Strange Days May 21, 2016
Strange Days is the all too rare futuristic sci-fi thriller that seems to be about something. Not that I’m keeping score — it’s just that I often find myself in the presence of genre pictures who use a tumultuous setting as basis for neat sequences of action, as a sleek place for sleek characters to do sleek things. More important is the plot, curiosities touched upon but never felt through.
So while plot is important in Strange Days, different is the way the world it’s set in is fascinating enough to cause one to thirst for a quasi-documentary covering how things came to be. It takes place in 1999, in an apparent alternate universe that sees Earth on the brink of anarchy. We’re transported to inner city Los Angeles, where the streets are everlastingly dangerous and where the police seem to be more compelled to save their own skins than to protect those of others.
Such attributes are engrossing provocations to begin with, and pleasing is Strange Days’s way of never getting too absorbed in its style. It’s not trying to create a new world per se; it’s more content seeing how the world might look if all of its flaws became too prominent to escape. Some might consider it depressing, especially since the film, even in its most optimistic of moments, has a pertinent atmosphere of misery. But as it’s directed by Kathryn Bigelow, a filmmaker whose works frequently jump to the more venturesome side of things (Point Break, The Hurt Locker), and as it’s co-written by sci-fi extraordinaire James Cameron (the man behind The Terminator and Avatar), one can expect that we’re not going to be presented with a conventional piece. Instead brought to our screen is an epic of steampunk bedazzlement, as in-your-face and thrilling as it is cerebral. It all seems very plausible, and that’s what makes it such a visceral experience.
Ralph Fiennes stars as Lenny Nero, a cop turned hustler making a living off dealing America’s new favorite drug, SQUID. SQUID, however, isn’t typical in that it isn’t a powder you snort, a substance you inject. SQUID, in actuality, is short for “Superconducting Quantum Interference Device”; they’re illegal electronic gadgets able to bring someone the experience of another. Place one on your head (they take the shape of a robotic claw), insert a pre-recorded disc in, and you’re living a few minutes of someone else’s life, feeling everything that they felt in those moments. As it turns out, getting addicted to seeing the world through someone else’s eyes is easy and treacherous.
Most use SQUIDs to undergo trivial things like imaginary sex, or for more dangerous highs like a robbery. But rising is the number of “blackjack” exploits, which, in addition to giving the wearer the experience they crave, also show the death of the person they’re living vicariously through. Lenny only comes across these sinful depictions once in a blue moon, and, when he does, he does everything he can to keep himself and his clients far away from their effects.
But one SQUID proves to be much more disturbing than what he usually might see in an average blackjack. He, unflinchingly, witnesses the brutal rape and murder of a prostitute he casually knew. We are put in the shoes of the predator with horrifying realism. But the most disconcerting feature of the recording is the added detail that the killer placed his very own SQUID onto the head of his victim, thus letting her see her own death from the eyes of her murderer. The event shakes Lenny up with great force, and after he begins receiving even more anonymous snuff clips, he teams up with old coworker, Mace Mason (a stupendous Angela Bassett), in hopes of tracking down the responsible fiend.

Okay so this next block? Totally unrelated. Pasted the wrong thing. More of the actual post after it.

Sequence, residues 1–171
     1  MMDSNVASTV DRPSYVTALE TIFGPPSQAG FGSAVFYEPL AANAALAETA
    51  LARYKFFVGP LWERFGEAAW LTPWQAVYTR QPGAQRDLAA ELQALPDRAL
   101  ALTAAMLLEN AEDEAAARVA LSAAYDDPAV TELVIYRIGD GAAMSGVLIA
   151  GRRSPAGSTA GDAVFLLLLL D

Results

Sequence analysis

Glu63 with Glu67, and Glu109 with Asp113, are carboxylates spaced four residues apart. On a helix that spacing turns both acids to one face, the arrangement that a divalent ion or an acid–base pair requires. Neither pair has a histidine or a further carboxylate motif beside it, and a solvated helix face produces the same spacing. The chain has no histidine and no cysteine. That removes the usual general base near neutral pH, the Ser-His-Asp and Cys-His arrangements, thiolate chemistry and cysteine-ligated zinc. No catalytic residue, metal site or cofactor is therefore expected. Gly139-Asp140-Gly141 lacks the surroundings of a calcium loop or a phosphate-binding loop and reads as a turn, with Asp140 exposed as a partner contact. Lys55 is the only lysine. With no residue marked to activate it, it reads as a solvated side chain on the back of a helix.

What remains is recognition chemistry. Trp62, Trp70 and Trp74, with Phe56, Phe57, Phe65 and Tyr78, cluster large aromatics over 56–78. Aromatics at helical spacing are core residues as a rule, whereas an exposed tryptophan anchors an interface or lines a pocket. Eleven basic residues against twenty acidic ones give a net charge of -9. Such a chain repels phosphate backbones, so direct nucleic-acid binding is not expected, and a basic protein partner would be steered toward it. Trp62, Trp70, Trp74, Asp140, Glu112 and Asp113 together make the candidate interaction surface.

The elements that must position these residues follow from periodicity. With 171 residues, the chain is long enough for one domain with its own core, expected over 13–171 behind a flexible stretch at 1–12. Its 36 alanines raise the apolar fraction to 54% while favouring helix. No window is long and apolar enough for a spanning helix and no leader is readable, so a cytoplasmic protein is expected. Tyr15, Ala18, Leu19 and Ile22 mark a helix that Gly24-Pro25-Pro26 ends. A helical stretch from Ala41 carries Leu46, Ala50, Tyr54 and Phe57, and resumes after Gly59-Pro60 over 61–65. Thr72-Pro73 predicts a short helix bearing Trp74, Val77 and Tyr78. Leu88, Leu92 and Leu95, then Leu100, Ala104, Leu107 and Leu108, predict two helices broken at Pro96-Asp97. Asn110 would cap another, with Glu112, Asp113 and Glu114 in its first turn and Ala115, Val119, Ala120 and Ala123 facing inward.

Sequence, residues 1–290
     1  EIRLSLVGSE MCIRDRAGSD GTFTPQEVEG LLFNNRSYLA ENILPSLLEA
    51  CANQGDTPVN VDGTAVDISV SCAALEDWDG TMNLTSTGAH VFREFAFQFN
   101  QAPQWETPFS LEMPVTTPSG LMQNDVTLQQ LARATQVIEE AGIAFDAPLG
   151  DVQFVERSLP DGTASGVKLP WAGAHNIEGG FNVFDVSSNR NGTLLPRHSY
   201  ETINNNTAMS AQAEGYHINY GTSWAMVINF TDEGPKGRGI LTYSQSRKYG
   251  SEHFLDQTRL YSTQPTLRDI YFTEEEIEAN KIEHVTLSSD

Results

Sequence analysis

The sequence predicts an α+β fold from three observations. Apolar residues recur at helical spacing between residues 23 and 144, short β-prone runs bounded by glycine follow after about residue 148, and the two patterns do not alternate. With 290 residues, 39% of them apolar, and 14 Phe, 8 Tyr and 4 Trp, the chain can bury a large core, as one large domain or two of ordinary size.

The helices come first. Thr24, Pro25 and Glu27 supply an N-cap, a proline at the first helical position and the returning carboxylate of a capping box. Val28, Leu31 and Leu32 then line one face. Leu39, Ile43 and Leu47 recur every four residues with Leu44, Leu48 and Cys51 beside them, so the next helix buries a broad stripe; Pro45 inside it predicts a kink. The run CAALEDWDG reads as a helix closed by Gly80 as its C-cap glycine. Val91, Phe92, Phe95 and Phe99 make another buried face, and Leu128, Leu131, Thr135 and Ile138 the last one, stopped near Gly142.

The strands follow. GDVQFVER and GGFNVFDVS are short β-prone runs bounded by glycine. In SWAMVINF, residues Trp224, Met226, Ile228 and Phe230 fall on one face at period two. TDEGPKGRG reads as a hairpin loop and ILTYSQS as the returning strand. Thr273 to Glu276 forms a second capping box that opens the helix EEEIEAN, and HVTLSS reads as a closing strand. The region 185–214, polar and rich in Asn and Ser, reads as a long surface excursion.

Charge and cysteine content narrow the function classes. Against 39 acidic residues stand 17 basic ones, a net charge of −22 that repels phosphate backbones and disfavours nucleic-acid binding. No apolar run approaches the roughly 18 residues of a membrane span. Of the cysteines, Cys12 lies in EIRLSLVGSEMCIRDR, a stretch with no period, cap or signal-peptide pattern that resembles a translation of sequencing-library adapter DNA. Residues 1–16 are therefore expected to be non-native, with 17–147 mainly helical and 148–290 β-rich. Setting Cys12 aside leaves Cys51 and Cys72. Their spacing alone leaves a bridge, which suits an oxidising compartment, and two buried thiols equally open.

This storyline, however, is only a fragment of the triumph of Strange Days. Being almost two-and-a-half hours in length, its multiple, intertwining plots, along with its intricate character relationships, make it much more credible than the formulaic mainstream thriller. Also pivotal is Lenny’s own addiction to SQUID (he uses the device to recount his past relationship with Faith [Juliette Lewis], a trashy would-be punk rocker), and his affiliation with Mace, which is perhaps the only sanguine part of the film.
The central plot is exciting enough as is (the murder that kicks off the action is supremely effective and supremely terrifying), so the added fixtures of social commentary is what makes Strange Days so spectacular. Cameron and Jay Cocks tap into society’s obsessions with pleasure, pushing a need for escapism to bewildering extremes (a characteristic more relevant than ever), and question the strength of governmental power in the face of civil unrest.
But the most disquieting thing about the film is how persuasively it portrays a world where most of the law has lost control, where culture has become so enamored with dopamine release that Earth has become a gigantic survival of the fittest. Anarchy is on the verge of becoming a reality. Such a setting is nothing new in the movies, but because Bigelow so sure-handedly transforms us into voyeurs, the film’s stimulations hit close to home. I hesitate to call Strange Days sci-fi because so much of it doesn’t feel so far off.
It’s a work that gives you whiplash, from its Ghost in the Shell meets film noir visual style to its abrasive performances — Bassett, emulating a prime Pam Grier, and Lewis, believable as a rock ’n’ roll star, are standouts. Strange Days, simultaneously eerie and searing, is science fiction at its most piquant. A-